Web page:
In a message dated 9/15/02 7:35:13 PM Pacific Daylight Time, email@example.com writes:
<< Slack angles on touring bikes require moving the seat forward to get the same net position relative to the crank axle. In other words, only the seat lug moves back to net a longer top tube, the saddle stays fixed relative to the bars. For example, going from 74 to 72 degrees: sine 2 degrees X 57 cm = 2 cm longer top tube. >>
Top tube length makes more sense when you divide it in two, by establishing a mark on the top tube using a plumb bob over the bb center. If you don't do that, you cannot tell if it's longer because of a "more slack" seat angle or if the frame has a longer forward "reach". Of course you can do this with a precision angle finder, but most people don't have one. Make sure the spot of floor you are using is level. Once you know the forward reach of the frame, THEN you can simply add/subtract from a known stem/frame-reach combination that works for you and it's all the same. For the seat fore and aft, you can put a drafting triangle at your mark, and measure back to the saddle tip. If you have the same saddles on all your bikes, this can be amazingly precise. You may have to check the height and fore/aft a couple of times to get it right. A rule of thumb: 1 degree makes about 1/4" difference over 1'. So on a 24" frame, 1 degree of seat angle difference translates to about 1/2" of top tube length, all in that rear portion BEHIND the mark, without affecting the reach of the frame at all.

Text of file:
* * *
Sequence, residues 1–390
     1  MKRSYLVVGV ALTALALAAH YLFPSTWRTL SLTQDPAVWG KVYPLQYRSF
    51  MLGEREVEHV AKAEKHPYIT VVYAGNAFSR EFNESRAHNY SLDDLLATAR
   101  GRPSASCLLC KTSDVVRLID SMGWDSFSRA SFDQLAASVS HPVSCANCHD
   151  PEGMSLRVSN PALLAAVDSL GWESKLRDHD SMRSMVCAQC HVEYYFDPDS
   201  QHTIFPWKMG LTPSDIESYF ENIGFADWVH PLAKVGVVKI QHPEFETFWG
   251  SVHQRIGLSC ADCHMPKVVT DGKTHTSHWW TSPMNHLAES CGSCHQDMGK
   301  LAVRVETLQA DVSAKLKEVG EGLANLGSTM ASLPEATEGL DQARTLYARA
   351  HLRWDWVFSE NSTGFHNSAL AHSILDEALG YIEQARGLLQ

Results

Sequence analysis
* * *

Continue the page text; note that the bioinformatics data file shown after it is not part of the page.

The concept of dividing the top tube this way is the idea behind the "Fit Stick". You can spend $139 and get that, or get a level and a plumb bob. The important thing is to always think of the top tube as two dimensions, not one. It makes fitting much easier. Stevan (been doing it this way over 25 years) Thomas Alameda, CA